Overall, web-based courses can provide significant advantages for teaching global education, Merryfield said.

“Online technologies are the perfect tools for social studies and global education, as these fields focus on learning about the world and its peoples,” she said. “This provides opportunities for teachers to experience a more global community than is possible face to face.”

However, she noted, “All of us do need opportunities for face to face experiential learning with people of diverse cultures.”



Contact: Merry Merryfield, (614) 292-4314; Merryfield.1@osu.edu
Written by Jeff Grabmeier, (614) 292-8457; Grabmeier.1@osu.edu

Jeff Grabmeier | Ohio State University
Weitere Informationen:
http://www.osu.edu/researchnews/archive/globeduc.htm

Weitere Berichte zu: American Education

Weitere Nachrichten aus der Kategorie Bildung Wissenschaft:

nachricht Digitales Know-how für den Mittelstand: Uni Bayreuth entwickelt neuartiges Weiterbildungsprogramm
28.09.2017 | Universität Bayreuth

nachricht Physik-Didaktiker aus Münster entwickeln Lehrmaterial zu Quantenphänomenen
22.09.2017 | Westfälische Wilhelms-Universität Münster

Alle Nachrichten aus der Kategorie: Bildung Wissenschaft >>>

Die aktuellsten Pressemeldungen zum Suchbegriff Innovation >>>

Die letzten 5 Focus-News des innovations-reports im Überblick:

Im Focus: Sicheres Bezahlen ohne Datenspur

Ob als Smartphone-App für die Fahrkarte im Nahverkehr, als Geldwertkarten für das Schwimmbad oder in Form einer Bonuskarte für den Supermarkt: Für viele gehören „elektronische Geldbörsen“ längst zum Alltag. Doch vielen Kunden ist nicht klar, dass sie mit der Nutzung dieser Angebote weitestgehend auf ihre Privatsphäre verzichten. Am Karlsruher Institut für Technologie (KIT) entsteht ein sicheres und anonymes System, das gleichzeitig Alltagstauglichkeit verspricht. Es wird nun auf der Konferenz ACM CCS 2017 in den USA vorgestellt.

Es ist vor allem das fehlende Problembewusstsein, das den Informatiker Andy Rupp von der Arbeitsgruppe „Kryptographie und Sicherheit“ am KIT immer wieder...

Im Focus: Neutron star merger directly observed for the first time

University of Maryland researchers contribute to historic detection of gravitational waves and light created by event

On August 17, 2017, at 12:41:04 UTC, scientists made the first direct observation of a merger between two neutron stars--the dense, collapsed cores that remain...

Im Focus: Breaking: the first light from two neutron stars merging

Seven new papers describe the first-ever detection of light from a gravitational wave source. The event, caused by two neutron stars colliding and merging together, was dubbed GW170817 because it sent ripples through space-time that reached Earth on 2017 August 17. Around the world, hundreds of excited astronomers mobilized quickly and were able to observe the event using numerous telescopes, providing a wealth of new data.

Previous detections of gravitational waves have all involved the merger of two black holes, a feat that won the 2017 Nobel Prize in Physics earlier this month....

Im Focus: Topologische Isolatoren: Neuer Phasenübergang entdeckt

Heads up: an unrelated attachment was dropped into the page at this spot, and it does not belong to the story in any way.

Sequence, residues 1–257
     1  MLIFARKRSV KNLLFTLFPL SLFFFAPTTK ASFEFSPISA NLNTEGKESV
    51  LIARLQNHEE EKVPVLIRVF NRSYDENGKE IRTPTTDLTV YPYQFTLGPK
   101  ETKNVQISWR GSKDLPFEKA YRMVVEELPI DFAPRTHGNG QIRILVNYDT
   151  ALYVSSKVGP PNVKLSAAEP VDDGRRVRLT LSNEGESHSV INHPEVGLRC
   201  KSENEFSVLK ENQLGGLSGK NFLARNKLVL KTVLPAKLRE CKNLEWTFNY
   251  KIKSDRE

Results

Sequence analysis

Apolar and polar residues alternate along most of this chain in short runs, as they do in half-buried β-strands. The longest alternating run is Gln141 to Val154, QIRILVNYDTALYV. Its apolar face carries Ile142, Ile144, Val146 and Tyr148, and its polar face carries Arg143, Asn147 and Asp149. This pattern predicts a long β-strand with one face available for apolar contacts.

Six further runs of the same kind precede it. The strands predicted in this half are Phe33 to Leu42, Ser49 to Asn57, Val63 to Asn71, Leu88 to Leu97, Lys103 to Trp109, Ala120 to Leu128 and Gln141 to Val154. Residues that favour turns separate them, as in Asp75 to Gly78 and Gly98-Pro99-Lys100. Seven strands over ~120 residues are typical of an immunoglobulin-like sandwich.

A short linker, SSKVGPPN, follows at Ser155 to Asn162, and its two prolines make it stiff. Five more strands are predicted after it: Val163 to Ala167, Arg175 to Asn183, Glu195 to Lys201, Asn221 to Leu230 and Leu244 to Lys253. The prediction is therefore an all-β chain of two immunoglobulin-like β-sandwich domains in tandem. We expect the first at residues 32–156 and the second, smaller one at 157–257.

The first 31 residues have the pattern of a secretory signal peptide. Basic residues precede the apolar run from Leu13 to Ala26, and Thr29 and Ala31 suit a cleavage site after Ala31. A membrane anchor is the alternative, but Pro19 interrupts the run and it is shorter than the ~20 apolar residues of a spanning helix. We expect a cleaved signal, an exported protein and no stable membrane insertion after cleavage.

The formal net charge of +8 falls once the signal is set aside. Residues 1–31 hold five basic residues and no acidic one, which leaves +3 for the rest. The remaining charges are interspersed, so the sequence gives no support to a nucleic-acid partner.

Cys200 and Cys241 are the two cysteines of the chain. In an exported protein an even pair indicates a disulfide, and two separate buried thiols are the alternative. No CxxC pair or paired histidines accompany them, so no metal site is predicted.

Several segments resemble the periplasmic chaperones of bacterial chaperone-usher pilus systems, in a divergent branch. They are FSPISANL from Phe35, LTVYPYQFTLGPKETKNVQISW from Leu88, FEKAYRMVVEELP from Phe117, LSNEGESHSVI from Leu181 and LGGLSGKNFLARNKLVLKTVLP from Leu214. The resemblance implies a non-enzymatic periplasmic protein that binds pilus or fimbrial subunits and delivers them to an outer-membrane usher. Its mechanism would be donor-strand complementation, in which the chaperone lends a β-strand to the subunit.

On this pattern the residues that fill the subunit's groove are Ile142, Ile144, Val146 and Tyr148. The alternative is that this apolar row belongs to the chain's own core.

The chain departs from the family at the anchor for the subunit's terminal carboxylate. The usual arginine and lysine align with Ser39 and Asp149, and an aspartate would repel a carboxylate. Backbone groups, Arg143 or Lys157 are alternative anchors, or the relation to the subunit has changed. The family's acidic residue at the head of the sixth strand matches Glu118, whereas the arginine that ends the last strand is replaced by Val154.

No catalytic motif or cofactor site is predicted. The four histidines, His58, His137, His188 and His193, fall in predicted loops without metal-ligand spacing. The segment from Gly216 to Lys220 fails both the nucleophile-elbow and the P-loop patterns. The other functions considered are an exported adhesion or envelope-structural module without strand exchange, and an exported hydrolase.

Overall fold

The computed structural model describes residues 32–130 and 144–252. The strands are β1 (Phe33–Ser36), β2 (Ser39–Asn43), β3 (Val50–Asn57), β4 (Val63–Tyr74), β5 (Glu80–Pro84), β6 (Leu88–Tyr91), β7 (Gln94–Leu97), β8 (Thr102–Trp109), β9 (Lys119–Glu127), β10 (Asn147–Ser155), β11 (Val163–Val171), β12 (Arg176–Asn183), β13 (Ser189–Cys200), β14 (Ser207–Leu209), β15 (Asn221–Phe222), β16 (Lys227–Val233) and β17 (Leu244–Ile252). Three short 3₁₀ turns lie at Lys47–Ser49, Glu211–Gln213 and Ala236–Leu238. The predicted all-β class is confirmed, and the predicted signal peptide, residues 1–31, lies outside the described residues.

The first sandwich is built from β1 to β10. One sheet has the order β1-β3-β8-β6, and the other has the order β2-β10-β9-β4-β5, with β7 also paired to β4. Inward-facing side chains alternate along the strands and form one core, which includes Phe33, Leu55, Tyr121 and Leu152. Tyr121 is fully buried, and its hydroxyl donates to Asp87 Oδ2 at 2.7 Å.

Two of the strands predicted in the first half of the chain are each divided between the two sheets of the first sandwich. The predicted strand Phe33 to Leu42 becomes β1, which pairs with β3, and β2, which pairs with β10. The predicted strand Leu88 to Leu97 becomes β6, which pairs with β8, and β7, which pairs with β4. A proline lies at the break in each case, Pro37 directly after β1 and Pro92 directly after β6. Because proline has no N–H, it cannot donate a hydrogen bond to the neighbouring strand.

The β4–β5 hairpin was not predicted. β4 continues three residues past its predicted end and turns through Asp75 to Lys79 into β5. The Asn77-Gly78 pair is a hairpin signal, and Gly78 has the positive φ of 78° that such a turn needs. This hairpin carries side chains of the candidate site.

Physiker des HZB haben an BESSY II Materialien untersucht, die zu den topologischen Isolatoren gehören. Dabei entdeckten sie einen neuen Phasenübergang zwischen zwei unterschiedlichen topologischen Phasen. Eine dieser Phasen ist ferroelektrisch: das bedeutet, dass sich im Material spontan eine elektrische Polarisation ausbildet, die sich durch ein äußeres elektrisches Feld umschalten lässt. Dieses Ergebnis könnte neue Anwendungen wie das Schalten zwischen unterschiedlichen Leitfähigkeiten ermöglichen.

Topologische Isolatoren zeichnen sich dadurch aus, dass sie an ihren Oberflächen Strom sehr gut leiten, während sie im Innern Isolatoren sind. Zu dieser neuen...

Im Focus: Smarte Sensoren für effiziente Prozesse

Materialfehler im Endprodukt können in vielen Industriebereichen zu frühzeitigem Versagen führen und den sicheren Gebrauch der Erzeugnisse massiv beeinträchtigen. Eine Schlüsselrolle im Rahmen der Qualitätssicherung kommt daher intelligenten, zerstörungsfreien Sensorsystemen zu, die es erlauben, Bauteile schnell und kostengünstig zu prüfen, ohne das Material selbst zu beschädigen oder die Oberfläche zu verändern. Experten des Fraunhofer IZFP in Saarbrücken präsentieren vom 7. bis 10. November 2017 auf der Blechexpo in Stuttgart zwei Exponate, die eine schnelle, zuverlässige und automatisierte Materialcharakterisierung und Fehlerbestimmung ermöglichen (Halle 5, Stand 5306).

Bei Verwendung zeitaufwändiger zerstörender Prüfverfahren zieht die Qualitätsprüfung durch die Beschädigung oder Zerstörung der Produkte enorme Kosten nach...

Alle Focus-News des Innovations-reports >>>

Anzeige

Anzeige

IHR
JOB & KARRIERE
SERVICE
im innovations-report
in Kooperation mit academics
Veranstaltungen

DFG unterstützt Kongresse und Tagungen - Dezember 2017

17.10.2017 | Veranstaltungen

Intelligente Messmethoden für die Bauwerkssicherheit: Fachtagung „Messen im Bauwesen“ am 14.11.2017

17.10.2017 | Veranstaltungen

Meeresbiologe Mark E. Hay zu Gast bei den "Noblen Gesprächen" am Beutenberg Campus in Jena

16.10.2017 | Veranstaltungen

 
VideoLinks
B2B-VideoLinks
Weitere VideoLinks >>>
Aktuelle Beiträge

Sicheres Bezahlen ohne Datenspur

17.10.2017 | Informationstechnologie

Pflanzen gegen Staunässe schützen

17.10.2017 | Biowissenschaften Chemie

Den Trends der Umweltbranche auf der Spur

17.10.2017 | Ökologie Umwelt- Naturschutz